By Erin Feith, Research Assistant
July 18, 2023
In the mid-19th Century, couture-inspired trends came “haute” off the presses in the form of fashion periodicals. Read and followed across the country by American women of all backgrounds, ladies’ magazines became the dominant vehicle through which the latest trends were disseminated to the masses.
One of the first leading names was Godey’s Lady’s Book, which offered fiction, poetry, essays, domestic topics, and perhaps most popularly, colored fashion plates. Often drawn directly from French publications, Godey’s fashion plates helped keep the magazine as one of the most widely read publications in the nation, and Godey’s subscriptions rose steadily from 10,000 in 1839 to 150,000 by 1860.
Another well-known ladies’ magazine that brought the hottest new designs to American women by 1860 came courtesy of Ellen Curtis Demorest, or “Madame Demorest.” Along with her husband, she published five different periodicals (including Madame Demorest’s Mirror of Fashion), sold sewing machines, and produced over 3 million patterns annually. Perhaps the most popular offering, Madame Demorest’s patterns could also be adapted to any measurements with the help of a drafting system she devised. These only gained further attention because of the individuality they afforded, as patterns for different garment elements could be purchased separately.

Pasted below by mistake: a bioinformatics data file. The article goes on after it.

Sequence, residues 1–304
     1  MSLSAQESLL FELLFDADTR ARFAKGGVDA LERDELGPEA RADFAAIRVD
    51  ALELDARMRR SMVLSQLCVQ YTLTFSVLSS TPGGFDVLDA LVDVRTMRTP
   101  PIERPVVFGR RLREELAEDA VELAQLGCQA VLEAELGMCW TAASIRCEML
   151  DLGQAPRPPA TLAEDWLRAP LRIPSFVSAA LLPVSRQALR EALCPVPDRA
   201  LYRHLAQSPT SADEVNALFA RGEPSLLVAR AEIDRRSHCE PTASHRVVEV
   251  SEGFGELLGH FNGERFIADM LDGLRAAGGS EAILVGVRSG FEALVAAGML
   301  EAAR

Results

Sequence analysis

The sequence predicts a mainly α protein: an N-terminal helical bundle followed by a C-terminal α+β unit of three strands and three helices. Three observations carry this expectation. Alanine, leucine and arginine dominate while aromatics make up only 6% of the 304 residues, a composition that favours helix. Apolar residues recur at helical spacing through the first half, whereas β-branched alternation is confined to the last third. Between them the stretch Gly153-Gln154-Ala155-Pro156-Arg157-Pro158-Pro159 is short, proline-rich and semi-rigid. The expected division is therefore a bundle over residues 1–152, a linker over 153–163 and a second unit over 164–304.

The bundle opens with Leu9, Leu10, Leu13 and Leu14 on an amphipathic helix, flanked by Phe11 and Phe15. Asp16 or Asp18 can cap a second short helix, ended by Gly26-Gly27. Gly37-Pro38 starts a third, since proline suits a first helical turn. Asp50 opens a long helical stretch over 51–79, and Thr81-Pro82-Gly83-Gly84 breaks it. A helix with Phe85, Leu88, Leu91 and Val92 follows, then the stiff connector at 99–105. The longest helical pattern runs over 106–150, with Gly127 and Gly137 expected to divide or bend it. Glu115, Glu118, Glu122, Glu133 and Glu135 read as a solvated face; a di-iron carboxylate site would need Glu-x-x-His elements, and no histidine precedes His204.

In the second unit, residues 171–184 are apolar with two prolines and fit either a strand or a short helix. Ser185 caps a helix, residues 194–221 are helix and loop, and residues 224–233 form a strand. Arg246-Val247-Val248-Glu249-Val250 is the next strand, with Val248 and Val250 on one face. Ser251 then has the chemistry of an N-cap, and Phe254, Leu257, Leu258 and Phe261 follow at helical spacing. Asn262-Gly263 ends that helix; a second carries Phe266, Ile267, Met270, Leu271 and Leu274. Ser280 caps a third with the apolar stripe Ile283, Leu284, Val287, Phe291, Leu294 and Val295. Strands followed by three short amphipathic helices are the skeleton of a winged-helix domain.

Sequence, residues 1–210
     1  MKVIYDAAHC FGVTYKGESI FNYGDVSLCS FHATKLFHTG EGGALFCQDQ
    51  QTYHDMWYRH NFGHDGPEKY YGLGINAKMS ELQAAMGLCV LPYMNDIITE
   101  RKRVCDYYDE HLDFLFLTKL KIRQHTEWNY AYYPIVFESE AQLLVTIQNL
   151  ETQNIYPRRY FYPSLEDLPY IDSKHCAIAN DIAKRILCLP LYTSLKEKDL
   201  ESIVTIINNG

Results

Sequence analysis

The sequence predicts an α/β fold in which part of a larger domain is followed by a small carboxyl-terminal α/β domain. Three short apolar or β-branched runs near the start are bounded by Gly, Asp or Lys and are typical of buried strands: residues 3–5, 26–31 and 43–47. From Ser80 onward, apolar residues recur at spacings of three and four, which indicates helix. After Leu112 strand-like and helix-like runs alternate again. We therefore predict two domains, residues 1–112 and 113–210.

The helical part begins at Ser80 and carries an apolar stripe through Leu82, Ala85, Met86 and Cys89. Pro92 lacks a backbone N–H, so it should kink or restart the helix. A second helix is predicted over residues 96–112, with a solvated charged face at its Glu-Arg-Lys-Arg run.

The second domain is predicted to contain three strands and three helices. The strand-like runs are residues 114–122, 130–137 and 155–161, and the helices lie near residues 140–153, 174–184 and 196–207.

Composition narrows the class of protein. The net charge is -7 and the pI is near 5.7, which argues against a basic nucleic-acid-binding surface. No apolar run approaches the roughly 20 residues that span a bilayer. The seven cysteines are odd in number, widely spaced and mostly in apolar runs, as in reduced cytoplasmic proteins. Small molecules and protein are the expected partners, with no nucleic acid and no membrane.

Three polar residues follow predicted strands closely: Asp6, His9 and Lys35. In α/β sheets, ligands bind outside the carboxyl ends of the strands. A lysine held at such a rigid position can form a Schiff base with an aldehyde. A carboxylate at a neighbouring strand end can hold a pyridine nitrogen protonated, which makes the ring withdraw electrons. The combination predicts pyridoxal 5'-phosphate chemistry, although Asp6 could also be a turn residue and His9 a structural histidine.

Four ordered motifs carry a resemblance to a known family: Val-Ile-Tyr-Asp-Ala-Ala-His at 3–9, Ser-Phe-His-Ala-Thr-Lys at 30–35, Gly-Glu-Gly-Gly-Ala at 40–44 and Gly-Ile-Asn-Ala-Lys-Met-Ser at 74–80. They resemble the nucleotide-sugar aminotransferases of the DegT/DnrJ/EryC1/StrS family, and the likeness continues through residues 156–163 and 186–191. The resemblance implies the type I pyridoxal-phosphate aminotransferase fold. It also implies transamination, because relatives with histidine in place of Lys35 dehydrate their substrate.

Access to trends via ladies’ magazines exploded by the 1890s with the beginning of the Post Office’s Rural Free Delivery System, which made it possible for them to reach more remote areas. This development coupled with the incorporation of fashion illustrations in newspapers, enabled styles to be shared almost anywhere in the United States within a year of its debut in Paris. In this way, even those in far flung corners of the country could keep their finger on the pulse of the rapidly changing fashion industry.